Where: Out Of Sound Records
Canadian outfit WHOOP-Szo spent some time out in the Inuit community of Salluit, Quebec to help craft a sound that would firmly and geographically cement their status as a very “out there” band, and following the release of double album Qallunaat/Odemin comes Niizhwaaswo, the third and final piece of the trilogy. These guys look to deliver sound collages capable of making a grown man cry, but make them cry in the most confusing way possible.
Boat Cave opens up Niizhwaaswo in the worst way possible as various noises ranging from guitar feedback to filthy guitar strings to god knows what else are mashed together with no hint of hook or structure in sight and an overwhelming avoidance of pop sensability is evident as nothing seems to be formed from these sounds. Somehow WHOOP-Szo come out of it looking good as the track somehow becomes an interesting mindscope into what could only be known as the dying breaths of Dinosaur Jr. in their Poledo moment.
Fortunately the introduction falls out of place for the second impression as CSG delivers a somewhat catchy performance that begins in quite a highly poppy state but quickly spirals into a disgusting pile of disjointed rhythms and melodies that could make you sick. It is fantastic though; I don’t think I’ve ever witnessed a woman’s orgasm followed by an intense hardcore punk section. Infact, I’ve never witnessed one of those things altogether. I really like punk music.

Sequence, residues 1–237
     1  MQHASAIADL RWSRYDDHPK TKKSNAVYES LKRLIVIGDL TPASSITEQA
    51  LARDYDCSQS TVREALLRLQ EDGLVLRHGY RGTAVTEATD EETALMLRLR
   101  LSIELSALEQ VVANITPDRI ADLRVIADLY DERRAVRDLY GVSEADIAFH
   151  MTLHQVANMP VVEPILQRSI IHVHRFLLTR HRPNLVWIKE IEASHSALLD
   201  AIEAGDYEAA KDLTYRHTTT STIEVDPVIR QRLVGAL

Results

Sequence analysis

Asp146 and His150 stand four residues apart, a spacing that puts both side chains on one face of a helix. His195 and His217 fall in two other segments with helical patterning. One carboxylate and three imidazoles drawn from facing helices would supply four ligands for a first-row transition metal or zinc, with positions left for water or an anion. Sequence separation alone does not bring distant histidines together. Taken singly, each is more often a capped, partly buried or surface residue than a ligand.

Lead single Jan 3rd leads into a much more sombre direction as wheeping instrumentals are present to accompany some of the more accessible vocals on the record while the band do a great job of delivering various hooks inside this slowed down atmosphere to make it a surprising, emotive listen amomngst some of the strangest material I’ve encountered. Wonderful song.
The closing half of Niizhwaaswo is definitely a surprise as WHOOP-Szo take the gritty, broken beyond repair sound we heard in the first half and somehow eases it into producing some lovely lo-fi gems. The band focus on harmonies and detail as tracks such as Banjoanie is a wonderful banjo jam, the title track takes it’s time to let the listener sink into the mix but quickly draws it’s claws with some moments of pure eruptive fury, and the closing track The Through Window is somehow…perfect. WHOOP-Szo caught me off guard with Niizhwaaswo, as after hearing a lot of Out Of Sound/PERDU’s material you come to expect nothing but a trip to the hospital and a gazillion eardrum transplants but not this time. There’s balladry hidden within this record, and I love it. It’s a superb way to round off what has been an interesting collection of music, and I cannot wait to see how WHOOP-Szo follow it up, and also if the entire Canadian underground adapt a little more softness to their sound too.
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